Trying to Make Sense of Internet Keyword Policies

Recent court decisions around the world have attempted to make sense of the conditions under which advertising service providers can sell 'keywords' to third parties. While the courts aim was to clarify the legal framework, they have also created some controversy among brand owners. Christopher Coulter and Deirdre Moynihan, of Morrison & Foerster, analyse recent 'adword' evolutions, with particular focus on the EU.

'If it has not played such a role, that service provider cannot be held liable for the data which it has stored at the request of an advertiser, unless, having obtained knowledge of the unlawful nature of those data or of that advertiser's activities, it failed to act expeditiously to remove or to disable access to the data concerned'1.

The tension between keywords and trade mark owner rights

As is now well-known, some online keyword advertising service providers sell certain words to advertisers ('keywords'). Generally, these keywords prompt the display of a 'sponsored link' or sponsored advertisement when the words are typed into a search engine. In this way, advertisers can enhance traffic flow to their goods and services, and advertising service providers and search engines can derive advertising revenues. So, for example, in Google's Adwords service, a 'sponsored link' is displayed when the keyword is typed into Google's search box. The sponsored link is accompanied by a short message promoting the advertiser's business. A number of advertisers can reserve the same keyword and if a number of advertisers have reserved the same keyword, the order in which the sponsored links are displayed is determined according to the maximum price per click, the number of previous clicks on those sponsored links and the quality of the ad as assessed by Google2.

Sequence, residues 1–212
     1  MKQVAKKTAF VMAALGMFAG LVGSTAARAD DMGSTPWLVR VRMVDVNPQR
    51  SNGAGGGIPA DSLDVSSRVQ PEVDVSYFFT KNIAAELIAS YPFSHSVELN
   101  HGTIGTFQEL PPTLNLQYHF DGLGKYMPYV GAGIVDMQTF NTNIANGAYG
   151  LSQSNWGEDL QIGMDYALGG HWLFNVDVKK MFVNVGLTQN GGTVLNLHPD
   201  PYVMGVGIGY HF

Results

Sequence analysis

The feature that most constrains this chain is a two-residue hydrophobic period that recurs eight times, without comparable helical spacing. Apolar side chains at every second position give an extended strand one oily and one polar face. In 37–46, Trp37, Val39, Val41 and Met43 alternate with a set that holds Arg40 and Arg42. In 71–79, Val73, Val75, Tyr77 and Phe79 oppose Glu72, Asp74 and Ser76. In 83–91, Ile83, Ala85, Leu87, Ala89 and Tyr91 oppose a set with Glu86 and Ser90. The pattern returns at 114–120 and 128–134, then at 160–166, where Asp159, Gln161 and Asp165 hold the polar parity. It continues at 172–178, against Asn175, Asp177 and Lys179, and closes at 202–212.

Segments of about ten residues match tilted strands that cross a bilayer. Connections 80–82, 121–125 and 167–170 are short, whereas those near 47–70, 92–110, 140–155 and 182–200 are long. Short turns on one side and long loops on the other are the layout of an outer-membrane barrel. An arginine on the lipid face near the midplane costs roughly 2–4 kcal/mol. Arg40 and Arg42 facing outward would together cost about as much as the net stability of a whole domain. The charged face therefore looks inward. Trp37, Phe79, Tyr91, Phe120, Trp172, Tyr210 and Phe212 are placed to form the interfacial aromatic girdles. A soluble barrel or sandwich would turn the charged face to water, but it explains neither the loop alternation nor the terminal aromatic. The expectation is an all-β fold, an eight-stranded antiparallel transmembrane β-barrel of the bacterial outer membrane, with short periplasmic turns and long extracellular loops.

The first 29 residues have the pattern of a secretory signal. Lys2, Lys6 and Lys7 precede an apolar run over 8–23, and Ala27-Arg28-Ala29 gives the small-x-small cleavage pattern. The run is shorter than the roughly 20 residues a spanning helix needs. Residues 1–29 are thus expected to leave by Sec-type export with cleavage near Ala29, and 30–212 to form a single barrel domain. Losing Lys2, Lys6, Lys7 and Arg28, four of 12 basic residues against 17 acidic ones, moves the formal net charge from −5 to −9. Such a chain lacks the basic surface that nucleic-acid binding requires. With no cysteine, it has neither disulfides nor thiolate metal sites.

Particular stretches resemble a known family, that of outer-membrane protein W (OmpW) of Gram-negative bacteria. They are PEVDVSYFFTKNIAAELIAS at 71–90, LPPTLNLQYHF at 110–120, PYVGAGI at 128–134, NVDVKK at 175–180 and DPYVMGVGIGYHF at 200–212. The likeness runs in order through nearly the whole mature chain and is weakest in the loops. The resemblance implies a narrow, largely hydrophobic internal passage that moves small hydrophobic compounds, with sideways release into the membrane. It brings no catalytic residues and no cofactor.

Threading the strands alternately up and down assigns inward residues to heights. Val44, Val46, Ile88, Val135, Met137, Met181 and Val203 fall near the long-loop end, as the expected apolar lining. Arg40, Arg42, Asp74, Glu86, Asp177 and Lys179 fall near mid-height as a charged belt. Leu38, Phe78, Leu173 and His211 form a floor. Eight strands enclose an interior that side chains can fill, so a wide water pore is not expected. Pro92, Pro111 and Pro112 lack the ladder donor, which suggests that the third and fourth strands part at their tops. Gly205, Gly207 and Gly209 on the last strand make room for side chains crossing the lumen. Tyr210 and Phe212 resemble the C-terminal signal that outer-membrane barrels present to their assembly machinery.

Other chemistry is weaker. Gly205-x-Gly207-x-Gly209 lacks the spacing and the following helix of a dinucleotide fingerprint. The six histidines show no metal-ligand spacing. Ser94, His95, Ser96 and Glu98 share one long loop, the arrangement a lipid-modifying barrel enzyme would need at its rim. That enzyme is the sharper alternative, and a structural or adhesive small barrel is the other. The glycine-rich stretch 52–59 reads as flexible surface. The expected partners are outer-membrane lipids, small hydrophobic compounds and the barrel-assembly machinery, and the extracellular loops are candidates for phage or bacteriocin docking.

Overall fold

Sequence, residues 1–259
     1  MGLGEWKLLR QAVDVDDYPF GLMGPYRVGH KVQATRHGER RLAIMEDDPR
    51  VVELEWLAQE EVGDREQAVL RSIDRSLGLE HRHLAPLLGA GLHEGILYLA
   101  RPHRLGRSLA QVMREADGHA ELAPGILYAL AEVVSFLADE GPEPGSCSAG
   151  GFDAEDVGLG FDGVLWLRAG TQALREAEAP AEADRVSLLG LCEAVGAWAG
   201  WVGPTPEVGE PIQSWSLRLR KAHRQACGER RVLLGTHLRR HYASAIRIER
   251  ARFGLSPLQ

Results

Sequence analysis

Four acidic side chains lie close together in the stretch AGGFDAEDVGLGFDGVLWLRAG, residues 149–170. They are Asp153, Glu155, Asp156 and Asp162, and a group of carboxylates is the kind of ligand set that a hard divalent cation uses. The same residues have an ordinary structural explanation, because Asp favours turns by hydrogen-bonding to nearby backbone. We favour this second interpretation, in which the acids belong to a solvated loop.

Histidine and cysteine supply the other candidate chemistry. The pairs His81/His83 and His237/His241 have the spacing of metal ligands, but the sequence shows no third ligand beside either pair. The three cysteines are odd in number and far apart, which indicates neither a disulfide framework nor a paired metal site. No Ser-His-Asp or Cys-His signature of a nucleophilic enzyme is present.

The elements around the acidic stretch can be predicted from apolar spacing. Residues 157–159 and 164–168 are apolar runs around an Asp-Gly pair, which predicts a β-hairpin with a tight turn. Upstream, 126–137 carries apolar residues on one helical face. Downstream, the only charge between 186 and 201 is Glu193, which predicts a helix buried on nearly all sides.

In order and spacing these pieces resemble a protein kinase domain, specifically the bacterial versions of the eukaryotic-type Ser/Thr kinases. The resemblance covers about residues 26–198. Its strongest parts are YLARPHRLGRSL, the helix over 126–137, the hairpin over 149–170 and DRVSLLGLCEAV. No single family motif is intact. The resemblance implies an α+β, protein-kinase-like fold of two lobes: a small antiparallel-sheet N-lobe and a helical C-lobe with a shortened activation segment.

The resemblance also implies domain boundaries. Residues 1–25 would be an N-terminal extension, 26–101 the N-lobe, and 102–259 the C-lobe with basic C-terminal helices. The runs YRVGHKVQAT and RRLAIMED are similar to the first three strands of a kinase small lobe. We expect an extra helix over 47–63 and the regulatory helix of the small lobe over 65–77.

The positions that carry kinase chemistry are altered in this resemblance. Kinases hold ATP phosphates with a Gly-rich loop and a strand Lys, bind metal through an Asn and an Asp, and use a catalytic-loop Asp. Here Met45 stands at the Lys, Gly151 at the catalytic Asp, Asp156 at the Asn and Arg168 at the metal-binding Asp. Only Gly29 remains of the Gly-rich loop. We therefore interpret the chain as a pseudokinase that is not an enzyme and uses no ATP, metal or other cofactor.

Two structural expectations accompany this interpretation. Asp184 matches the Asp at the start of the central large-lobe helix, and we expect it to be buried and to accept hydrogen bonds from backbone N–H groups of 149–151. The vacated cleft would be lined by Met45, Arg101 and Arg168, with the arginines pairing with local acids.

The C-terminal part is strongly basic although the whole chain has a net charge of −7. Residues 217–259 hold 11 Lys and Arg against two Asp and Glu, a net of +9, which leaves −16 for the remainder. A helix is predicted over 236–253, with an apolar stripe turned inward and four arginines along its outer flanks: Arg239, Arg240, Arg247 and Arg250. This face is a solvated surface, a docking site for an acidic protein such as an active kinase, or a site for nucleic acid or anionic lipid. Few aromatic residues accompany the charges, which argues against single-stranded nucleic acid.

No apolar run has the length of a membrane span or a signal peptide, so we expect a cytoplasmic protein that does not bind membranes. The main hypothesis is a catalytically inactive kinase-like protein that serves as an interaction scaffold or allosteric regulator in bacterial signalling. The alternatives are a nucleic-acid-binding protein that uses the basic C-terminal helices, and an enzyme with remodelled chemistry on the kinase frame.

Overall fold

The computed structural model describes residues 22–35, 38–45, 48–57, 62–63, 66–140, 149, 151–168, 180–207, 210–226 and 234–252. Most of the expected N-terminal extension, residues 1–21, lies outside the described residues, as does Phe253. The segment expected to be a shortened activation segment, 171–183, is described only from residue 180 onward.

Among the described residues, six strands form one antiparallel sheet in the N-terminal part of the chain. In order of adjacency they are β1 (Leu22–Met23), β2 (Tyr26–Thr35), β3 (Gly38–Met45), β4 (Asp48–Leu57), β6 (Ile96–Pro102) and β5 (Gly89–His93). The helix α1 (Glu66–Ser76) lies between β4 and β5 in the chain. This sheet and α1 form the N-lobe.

However, it is also possible for a keyword to be the subject of a registered trade mark. Pursuant to the Trade Marks Directive3, a trade mark owner is granted exclusive rights in the registered trade mark.

This means that the owner can prevent third parties from using, without the trade mark owner's consent, in the course of trade:

any sign which is identical with the trade mark in relation to goods or services which are identical with those for which the trade mark is registered; and any sign where, because of its identity with, or similarity to, the trade mark and the identity or similarity of goods or services covered by the trade mark and the sign, there exists a likelihood of confusion on the part of the public. Confusion includes the likelihood of association between the sign and the trade mark4 Perhaps inevitably therefore, the courts in a number of EU jurisdictions have been called upon to consider the liability of service providers which provide online keyword advertising services5.

Questions centred on the liability of the online keyword...

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